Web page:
Find out what’s in a word, or five, with the Google Books Ngram Viewer

Thursday, December 16, 2010 at 11:00 AM

Scholars interested in topics such as philosophy, religion, politics, art and language have employed qualitative approaches such as literary and critical analysis with great success. As more of the world’s literature becomes available online, it’s increasingly possible to apply quantitative methods to complement that research. So today Will Brockman and I are happy to announce a new visualization tool called the Google Books Ngram Viewer, available on Google Labs. We’re also making the datasets backing the Ngram Viewer, produced by Matthew Gray and intern Yuan K. Shen, freely downloadable so that scholars will be able to create replicatable experiments in the style of traditional scientific discovery.

Comparing instances of [flute], [guitar], [drum] and [trumpet] (
blue, red, yellow and green respectively)
in English literature from 1750 to 2008

Since 2004, Google has digitized more than 15 million books worldwide. The datasets we’re making available today to further humanities research are based on a subset of that corpus, weighing in at 500 billion words from 5.2 million books in Chinese, English, French, German, Russian, and Spanish. The datasets contain phrases of up to five words with counts of how often they occurred in each year.

These datasets were the basis of a research project led by Harvard University’s Jean-Baptiste Michel and Erez Lieberman Aiden published today in Science and coauthored by several Googlers. Their work provides several examples of how quantitative methods can provide insights into topics as diverse as the spread of innovations, the effects of youth and profession on fame, and trends in censorship.

The Ngram Viewer lets you graph and compare phrases from these datasets over time, showing how their usage has waxed and waned over the years. One of the advantages of having data online is that it lowers the barrier to serendipity: you can stumble across something in these 500 billion words and be the first person ever to make that discovery. Below I’ve listed a few interesting queries to pique your interest:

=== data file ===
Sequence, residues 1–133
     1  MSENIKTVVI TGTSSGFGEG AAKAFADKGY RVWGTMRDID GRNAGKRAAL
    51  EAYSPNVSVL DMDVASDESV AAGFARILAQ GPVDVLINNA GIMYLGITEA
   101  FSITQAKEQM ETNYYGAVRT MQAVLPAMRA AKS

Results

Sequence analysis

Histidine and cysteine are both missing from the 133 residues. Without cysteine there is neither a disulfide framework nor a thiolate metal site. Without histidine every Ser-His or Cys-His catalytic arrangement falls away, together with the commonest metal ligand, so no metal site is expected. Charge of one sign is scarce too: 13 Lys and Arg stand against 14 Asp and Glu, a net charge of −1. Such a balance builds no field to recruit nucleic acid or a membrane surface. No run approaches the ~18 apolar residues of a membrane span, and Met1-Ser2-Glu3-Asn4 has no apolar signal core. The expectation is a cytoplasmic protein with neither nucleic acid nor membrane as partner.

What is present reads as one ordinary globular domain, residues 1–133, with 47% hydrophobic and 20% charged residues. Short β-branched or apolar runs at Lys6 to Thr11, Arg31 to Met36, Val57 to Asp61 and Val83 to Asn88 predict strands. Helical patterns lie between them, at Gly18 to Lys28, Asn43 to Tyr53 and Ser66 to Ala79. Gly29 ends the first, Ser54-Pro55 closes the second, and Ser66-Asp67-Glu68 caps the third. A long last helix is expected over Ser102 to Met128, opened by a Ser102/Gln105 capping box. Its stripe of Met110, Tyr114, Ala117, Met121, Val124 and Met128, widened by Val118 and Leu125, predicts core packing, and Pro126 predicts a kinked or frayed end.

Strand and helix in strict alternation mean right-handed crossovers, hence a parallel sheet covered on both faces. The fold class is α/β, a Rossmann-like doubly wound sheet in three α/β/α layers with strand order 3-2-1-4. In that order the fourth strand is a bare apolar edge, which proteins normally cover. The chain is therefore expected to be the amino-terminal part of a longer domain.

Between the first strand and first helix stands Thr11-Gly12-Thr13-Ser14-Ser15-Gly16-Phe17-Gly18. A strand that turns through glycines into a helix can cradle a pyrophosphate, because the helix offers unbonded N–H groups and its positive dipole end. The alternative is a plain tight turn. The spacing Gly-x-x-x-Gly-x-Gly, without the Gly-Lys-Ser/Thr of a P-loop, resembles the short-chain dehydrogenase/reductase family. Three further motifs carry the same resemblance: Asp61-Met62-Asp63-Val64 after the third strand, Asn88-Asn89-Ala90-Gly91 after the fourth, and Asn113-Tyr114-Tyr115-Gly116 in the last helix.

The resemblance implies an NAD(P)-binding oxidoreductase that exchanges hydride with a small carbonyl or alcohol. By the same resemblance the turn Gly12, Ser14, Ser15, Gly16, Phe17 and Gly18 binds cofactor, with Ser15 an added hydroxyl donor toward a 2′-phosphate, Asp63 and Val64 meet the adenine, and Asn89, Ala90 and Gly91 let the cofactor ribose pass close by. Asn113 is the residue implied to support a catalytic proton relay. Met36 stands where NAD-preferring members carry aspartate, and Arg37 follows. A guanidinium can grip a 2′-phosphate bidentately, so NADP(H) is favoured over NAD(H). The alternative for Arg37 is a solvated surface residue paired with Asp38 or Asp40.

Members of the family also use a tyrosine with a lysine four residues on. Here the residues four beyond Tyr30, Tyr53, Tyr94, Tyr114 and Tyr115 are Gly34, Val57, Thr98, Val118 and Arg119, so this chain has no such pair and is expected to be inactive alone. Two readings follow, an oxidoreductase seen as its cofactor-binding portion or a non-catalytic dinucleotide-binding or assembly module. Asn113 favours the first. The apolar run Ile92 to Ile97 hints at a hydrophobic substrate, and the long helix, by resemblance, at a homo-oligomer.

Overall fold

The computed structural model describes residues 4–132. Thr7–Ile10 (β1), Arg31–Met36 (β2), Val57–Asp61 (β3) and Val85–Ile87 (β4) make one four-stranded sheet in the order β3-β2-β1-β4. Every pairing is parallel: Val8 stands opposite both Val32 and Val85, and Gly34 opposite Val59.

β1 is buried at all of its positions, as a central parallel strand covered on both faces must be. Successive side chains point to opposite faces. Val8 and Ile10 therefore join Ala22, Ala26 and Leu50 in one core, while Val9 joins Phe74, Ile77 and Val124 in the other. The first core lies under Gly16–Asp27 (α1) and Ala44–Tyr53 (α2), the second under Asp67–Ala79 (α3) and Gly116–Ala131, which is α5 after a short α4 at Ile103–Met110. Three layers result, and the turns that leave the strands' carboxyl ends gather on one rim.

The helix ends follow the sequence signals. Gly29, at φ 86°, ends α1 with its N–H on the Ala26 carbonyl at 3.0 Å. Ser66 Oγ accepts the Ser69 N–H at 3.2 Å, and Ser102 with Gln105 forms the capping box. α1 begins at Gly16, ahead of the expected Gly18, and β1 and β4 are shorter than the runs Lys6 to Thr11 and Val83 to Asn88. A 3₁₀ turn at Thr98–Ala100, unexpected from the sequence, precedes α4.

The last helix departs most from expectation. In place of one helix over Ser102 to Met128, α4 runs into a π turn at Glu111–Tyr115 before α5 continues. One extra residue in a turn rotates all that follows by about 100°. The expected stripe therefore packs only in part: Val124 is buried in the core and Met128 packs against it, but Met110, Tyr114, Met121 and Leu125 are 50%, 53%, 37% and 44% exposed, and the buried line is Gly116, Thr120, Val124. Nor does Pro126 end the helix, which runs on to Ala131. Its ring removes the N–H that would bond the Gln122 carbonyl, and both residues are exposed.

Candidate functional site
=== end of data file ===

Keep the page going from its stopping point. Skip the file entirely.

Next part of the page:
World War I, Great War
child care, nursery school, kindergarten
fax, phone, email
look before you leap, he who hesitates is lost
virus, bacteria
tofu, hot dog
burnt, burned
flute, guitar, trumpet, drum
Paris, London, New York, Boston, Rome
laptop, mainframe, microcomputer, minicomputer
fry, bake, grill, roast
George Washington, Thomas Jefferson, Abraham Lincoln

We know nothing can replace the balance of art and science that is the qualitative cornerstone of research in the humanities. But we hope the Google Books Ngram Viewer will spark some new hypotheses ripe for in-depth investigation, and invite casual exploration at the same time. We’ve started working with some researchers already via our Digital Humanities Research Awards, and look forward to additional collaboration with like-minded researchers in the future.

(Cross-posted from the Official Google Blog) Read the full post 0 comments


Discover more than 3 million Google eBooks from your choice of booksellers and devices

Monday, December 06, 2010 at 7:00 AM

Today is the first page in a new chapter of our mission to improve access to the cultural and educational treasures we know as books. Google eBooks will be available in the U.S. from a new Google eBookstore. You can browse and search through the largest ebooks collection in the world with more than three million titles including hundreds of thousands for sale. Find the latest bestsellers like James Patterson’s Cross Fire and Jonathan Franzen’s Freedom, dig into popular reads like Laura Hillenbrand’s Unbroken and catch up on the classics like Great Expectations, A Tale of Two Cities and Gulliver’s Travels.